a legitimate means of political expression.
Those contentions argue too much. Substantial impairment of
the voters' ability to express their political preferences
necessitates strict scrutiny to determine whether there is a
compelling state interest served by the least drastic
alternative. See e.g. Illinois State Board of Elections v.
Socialists Workers Party, 440 U.S. 173, 99 S.Ct. 983, 59
L.Ed.2d 230 (1979). However, while the right of an individual
to be on the ballot is intertwined with voters' rights, the
right of a specific individual to run for office is not
fundamental nor is ". . . every limitation or incidental burden
on the exercise of voting rights . . . subject to a stringent
standard of review." Bullock v. Carter, 405 U.S. 134, 143, 92
S.Ct. 849, 856, 31 L.Ed.2d 92 (1972).
The constitutional sensitivity is to denial of access to or
excessive burdens upon any identifiable classification of
voters, not to a specific candidate or his supporters.
Trafelet v. Thompson, 594 F.2d 623 (7th Cir. 1979), petition
for cert. filed. If such burdens were demonstrated here, we
would necessarily searchingly inquire into whatever compelling
necessity for those burdens was advanced. But no such burdens
were shown. This is not a case in which high filing fees or
excessive signature requirements discourage access to the
electoral process. All the candidate had to do was count.*fn*
That, however, does not end the matter. As defendants
concede, there must be a rational basis for the maximum
limitation. Many of the election cases, whether applying a
strict scrutiny or a rational basis standard, have focused on
the state interest in an election system which requires
candidates to demonstrate a "significant modicum of support",
Jenness v. Fortson, 403 U.S. 431, 442, 91 S.Ct. 1970, 29
L.Ed.2d 554 (1971), in order that ballots not be laundry lists
of frivolous candidacies. Clearly that interest is not being
served here, as Richards filed more signatures than the
Two state interests are suggested. One is advanced by the
intervenors. They urge that the limitation prevents a
monopolization of signatures by an entrenched candidate, thus
preventing others from access to the ballot. There is nothing,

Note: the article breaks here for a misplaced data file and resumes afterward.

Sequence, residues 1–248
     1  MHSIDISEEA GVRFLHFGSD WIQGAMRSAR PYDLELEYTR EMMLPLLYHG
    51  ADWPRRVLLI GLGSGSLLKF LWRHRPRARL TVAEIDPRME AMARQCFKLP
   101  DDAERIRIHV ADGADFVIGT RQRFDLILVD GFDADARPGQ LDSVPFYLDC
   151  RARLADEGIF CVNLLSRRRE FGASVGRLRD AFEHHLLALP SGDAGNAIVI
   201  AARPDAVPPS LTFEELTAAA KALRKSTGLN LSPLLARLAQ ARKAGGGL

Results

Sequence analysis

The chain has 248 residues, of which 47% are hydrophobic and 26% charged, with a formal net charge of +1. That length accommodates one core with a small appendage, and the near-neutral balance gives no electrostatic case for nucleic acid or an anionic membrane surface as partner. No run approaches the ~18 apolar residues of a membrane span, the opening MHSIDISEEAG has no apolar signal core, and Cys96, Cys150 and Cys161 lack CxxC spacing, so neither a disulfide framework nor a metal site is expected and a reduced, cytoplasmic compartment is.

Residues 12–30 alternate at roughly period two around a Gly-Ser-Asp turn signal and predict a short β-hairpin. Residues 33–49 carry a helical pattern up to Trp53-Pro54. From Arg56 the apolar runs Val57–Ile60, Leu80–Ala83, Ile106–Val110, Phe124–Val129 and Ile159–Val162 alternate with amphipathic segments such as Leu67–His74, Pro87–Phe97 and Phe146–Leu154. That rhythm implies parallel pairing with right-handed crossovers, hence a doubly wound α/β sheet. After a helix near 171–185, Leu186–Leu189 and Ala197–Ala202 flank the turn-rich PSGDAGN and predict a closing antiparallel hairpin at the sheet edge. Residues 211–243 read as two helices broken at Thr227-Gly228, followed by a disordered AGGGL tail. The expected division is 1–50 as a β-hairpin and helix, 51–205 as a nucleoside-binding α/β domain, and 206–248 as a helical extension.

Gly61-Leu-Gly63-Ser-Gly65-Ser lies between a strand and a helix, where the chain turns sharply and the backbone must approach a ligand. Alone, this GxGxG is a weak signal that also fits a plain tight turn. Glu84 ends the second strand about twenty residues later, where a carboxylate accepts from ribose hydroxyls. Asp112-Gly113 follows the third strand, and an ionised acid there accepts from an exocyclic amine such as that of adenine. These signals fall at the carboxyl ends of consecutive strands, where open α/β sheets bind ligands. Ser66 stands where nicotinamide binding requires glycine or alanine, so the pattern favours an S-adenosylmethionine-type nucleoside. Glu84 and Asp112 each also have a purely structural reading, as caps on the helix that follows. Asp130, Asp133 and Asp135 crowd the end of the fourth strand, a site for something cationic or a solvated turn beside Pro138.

however, which presently prevents a candidate from going on
the ballot with signatures of voters who have also signed
petitions for his or her opponent. Briscoe v. Kusper,
435 F.2d 1046 (7th Cir. 1970), reh. denied 1971. No candidate can
monopolize the voting pool. Further, nothing suggests that
"monopolization" is other than a conceptual possibility.
Conversely, and contrary to the contention of amicus, it is
difficult even to conjecture that the filing limitation will
have any appreciable chilling impact on political expression
when there is no limit on solicitation. Indeed, both plaintiff
Richards and the incumbent intervenor testified that they tell
their supporters to seek as many signatures as they can or
The second state interest advanced by defendants is more in
keeping with the
Illinois Supreme Court's explanation in Lewis v. Dunne,
63 Ill.2d 48, 344 N.E.2d 443 (1976) that the purpose of Sec. 7-10,
generally, is to provide an orderly election procedure.
Unquestionably, providing an orderly election procedure is both
a rational state interest and a state responsibility. We are
dealing here, however, with the maximum limitations of Sec.
7-10(i). In the only reported case on that section, the
Illinois Appellate Court, while leaving the matter to the
inarticulated wisdom of the legislature, commented that ". . .
it is difficult to perceive the legislative wisdom in confining
maximum signature limitations only to State offices and to ward
and township committeeman offices. . . . (It is) our belief
that the statutory classification at bar lacks a rational
basis. . . ." Lizak v. Zadrozny, 4 Ill. App.3d 1023,
283 N.E.2d 252 (1st Dist. 1972).
Defendants urge that Sec. 7-10(i) should be considered in
light of the facts and circumstances behind the law, the
interests which the state claims to be protecting, and the